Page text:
Before I get to Monday’s frustrating Mourning Warbler call I’ll give a quick recap of Saturday’s birding.
Since I’m not sure I’ll get to Laura Hare Preserve at Blossom Hollow before the breeding season is in full swing I headed there Saturday morning. The hope was to see the expected deep forest warblers not available in the rest of Johnson County while they’re still calling. The targeted species of Worm-eating Warbler, Ovenbird, and Louisiana Waterthrush were seen or heard. Which were three of the four. But never even a hint of a Hooded Warbler, which is usually calling in the woods.
The other deep wood species were out in full force. Red-eyed Vireo, Wood Thrush, Acadian Flycatcher, and Eastern-wood Pewee were everywhere. But with the clouds and trees, no photos.
On to Monday and the Mourning Warbler call.
The day started at the local grassland listening for Grasshopper Sparrow and Bobolink. My thought was the truck traffic from I65 would be less on a holiday. No such luck. With the wind out of the NW it made listening tough. So no Grasshopper Sparrow.
On to Franklin Township Community Park for general birding. First thing out of the car I heard a Black-throated Green Warbler calling across the road, otherwise it was quiet. I made the rounds constantly fighting off mosquitoes. Around 10AM a couple of Barred Owls started calling. I figured they were complaining about the mosquitoes.
Mourning Warbler Call
Right after the owls I heard an out-of-place call. I was aware enough to know it was one of the uncommon warblers and it didn’t take long to place it as a Mourning Warbler.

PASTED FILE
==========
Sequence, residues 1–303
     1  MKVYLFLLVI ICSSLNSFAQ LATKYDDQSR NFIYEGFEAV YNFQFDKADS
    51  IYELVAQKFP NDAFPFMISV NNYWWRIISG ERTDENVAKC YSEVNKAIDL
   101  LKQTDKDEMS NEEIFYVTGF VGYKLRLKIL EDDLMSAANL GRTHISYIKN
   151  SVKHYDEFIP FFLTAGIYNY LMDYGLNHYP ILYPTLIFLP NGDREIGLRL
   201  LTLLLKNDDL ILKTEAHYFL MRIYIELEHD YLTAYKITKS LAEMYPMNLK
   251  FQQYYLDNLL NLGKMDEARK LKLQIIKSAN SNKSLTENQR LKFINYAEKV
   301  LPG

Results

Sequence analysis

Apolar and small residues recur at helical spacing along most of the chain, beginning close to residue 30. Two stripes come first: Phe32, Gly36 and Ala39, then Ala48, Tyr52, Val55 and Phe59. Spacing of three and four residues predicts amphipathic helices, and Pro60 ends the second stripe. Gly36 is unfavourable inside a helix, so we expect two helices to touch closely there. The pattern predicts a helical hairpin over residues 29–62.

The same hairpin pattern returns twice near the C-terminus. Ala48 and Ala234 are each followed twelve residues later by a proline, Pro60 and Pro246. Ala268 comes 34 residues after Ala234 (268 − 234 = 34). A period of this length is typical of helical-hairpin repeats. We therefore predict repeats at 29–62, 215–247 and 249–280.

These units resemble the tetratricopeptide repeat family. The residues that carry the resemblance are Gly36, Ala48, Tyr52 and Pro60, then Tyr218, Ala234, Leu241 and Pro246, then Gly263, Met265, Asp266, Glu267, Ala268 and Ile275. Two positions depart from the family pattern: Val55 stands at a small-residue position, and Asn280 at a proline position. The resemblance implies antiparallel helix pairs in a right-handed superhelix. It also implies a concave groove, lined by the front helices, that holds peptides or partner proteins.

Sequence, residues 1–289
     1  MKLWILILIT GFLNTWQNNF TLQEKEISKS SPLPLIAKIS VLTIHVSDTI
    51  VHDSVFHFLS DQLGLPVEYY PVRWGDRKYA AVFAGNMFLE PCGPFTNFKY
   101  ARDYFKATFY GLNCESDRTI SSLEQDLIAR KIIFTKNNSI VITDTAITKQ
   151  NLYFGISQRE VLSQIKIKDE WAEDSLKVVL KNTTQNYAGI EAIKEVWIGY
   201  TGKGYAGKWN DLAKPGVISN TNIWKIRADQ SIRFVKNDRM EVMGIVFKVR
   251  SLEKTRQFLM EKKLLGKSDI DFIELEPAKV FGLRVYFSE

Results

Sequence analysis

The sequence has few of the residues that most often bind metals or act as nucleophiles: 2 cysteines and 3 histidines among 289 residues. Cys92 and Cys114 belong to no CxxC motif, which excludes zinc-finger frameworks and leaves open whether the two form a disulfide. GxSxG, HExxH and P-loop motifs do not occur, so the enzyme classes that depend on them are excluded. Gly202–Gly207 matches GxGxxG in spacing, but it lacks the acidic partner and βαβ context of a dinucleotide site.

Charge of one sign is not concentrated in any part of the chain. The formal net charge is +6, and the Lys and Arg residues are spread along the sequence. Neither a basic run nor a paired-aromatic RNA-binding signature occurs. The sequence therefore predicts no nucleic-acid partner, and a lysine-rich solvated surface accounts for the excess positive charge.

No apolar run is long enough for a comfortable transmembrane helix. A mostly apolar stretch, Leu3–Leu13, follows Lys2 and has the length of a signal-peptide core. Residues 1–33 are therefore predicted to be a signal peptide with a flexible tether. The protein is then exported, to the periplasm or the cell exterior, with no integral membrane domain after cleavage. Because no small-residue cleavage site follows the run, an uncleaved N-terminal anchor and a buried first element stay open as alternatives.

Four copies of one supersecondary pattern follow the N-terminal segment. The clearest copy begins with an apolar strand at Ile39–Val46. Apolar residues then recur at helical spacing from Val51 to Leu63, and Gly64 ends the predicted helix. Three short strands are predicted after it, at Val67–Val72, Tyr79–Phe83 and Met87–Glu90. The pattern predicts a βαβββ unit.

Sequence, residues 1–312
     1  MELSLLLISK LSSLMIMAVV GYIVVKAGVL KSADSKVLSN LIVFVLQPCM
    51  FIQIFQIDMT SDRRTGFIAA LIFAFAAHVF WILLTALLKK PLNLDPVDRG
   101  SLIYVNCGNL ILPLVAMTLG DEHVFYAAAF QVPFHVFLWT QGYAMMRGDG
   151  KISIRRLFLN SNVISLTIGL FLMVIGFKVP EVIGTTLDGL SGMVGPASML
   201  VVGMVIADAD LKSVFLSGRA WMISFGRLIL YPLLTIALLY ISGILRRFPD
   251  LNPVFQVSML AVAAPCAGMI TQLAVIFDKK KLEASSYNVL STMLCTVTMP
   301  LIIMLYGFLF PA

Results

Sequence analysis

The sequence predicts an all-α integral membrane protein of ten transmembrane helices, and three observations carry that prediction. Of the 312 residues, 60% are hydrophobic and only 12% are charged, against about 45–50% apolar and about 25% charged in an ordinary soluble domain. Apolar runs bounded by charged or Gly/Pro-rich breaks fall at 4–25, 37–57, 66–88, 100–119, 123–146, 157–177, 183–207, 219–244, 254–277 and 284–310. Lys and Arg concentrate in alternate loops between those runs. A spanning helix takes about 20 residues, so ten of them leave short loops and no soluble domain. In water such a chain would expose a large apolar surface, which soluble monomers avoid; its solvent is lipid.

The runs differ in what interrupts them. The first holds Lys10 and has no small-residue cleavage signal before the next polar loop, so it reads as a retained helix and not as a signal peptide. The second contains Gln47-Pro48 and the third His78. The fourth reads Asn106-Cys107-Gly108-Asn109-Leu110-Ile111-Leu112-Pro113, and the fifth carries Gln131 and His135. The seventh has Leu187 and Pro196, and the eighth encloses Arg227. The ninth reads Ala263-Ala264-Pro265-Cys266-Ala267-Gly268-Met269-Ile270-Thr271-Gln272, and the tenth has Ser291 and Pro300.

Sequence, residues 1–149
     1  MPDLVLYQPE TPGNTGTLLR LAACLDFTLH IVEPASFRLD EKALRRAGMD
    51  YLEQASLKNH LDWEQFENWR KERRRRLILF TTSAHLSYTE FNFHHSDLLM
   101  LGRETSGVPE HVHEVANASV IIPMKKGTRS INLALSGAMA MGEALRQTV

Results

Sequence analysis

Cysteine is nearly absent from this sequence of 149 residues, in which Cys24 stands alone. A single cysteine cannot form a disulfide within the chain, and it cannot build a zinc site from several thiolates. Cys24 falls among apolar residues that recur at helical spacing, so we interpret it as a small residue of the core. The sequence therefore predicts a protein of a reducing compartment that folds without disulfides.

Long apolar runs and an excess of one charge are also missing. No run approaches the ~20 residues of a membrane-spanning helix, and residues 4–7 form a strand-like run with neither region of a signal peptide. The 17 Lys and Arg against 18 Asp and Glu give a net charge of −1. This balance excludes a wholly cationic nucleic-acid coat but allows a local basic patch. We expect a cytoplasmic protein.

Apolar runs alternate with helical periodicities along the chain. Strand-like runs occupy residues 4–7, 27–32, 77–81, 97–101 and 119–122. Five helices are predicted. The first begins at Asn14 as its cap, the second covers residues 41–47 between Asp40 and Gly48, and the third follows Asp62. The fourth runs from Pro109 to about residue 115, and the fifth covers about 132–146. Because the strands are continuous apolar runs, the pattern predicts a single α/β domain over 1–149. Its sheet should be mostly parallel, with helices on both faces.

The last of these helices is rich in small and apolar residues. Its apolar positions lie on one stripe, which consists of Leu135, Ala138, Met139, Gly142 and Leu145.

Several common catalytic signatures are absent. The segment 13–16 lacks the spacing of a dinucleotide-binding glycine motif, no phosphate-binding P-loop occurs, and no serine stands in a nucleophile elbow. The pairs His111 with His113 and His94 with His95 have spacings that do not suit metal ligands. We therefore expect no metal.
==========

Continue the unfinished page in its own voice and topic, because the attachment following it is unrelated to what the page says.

I don’t remember the last time I spent the entire day birding. I’m aware others do it weekly. As I have stated the constant running and searching feels good in the moment but I never seem to remember what happened on those days. Not as enjoyable as birding one location for hours and living in the moment. But Saturday for the fifth year I did an Atterbury Big May Day for Johnson County portion for the Indiana Audubon Society Big May Day.
The day started well with all the expected owls – Eastern Screech-Owl, Barred Owl, and Great Horned Owl – calling on cue. I even had a bonus Common Nighthawk fly in front the car as I was leaving the Barred Owl area.
This year I tried something different. With Turkey Season closing the interior of Atterbury until 1PM I planned stops along the roads and tried to bird those areas for a certain time. This is in the hope I can more or less repeat the run every year.
Uncommon findings were Red-breasted Nuthatch and Black Vulture.
At lunch the group tallied up the species and we were in the 120’s with no shorebirds except for Killdeer. My afternoon plan was to hike into Atterbury for rails and on to shorebirds.
The rail search was a bust, probably the high water. I started meandering home crisscrossing the county checking fields I knew held water after heavy rains. The plan proved fruitful as I added 8 additional species on the day.
I failed while trying to flush snipe at a local marsh but flushed an American Woodcock as a bonus prize.
Reaching the county line around 7:30 I decided to call it a day. After 14 hours I once again proved by putting in the time will usually produce a good count.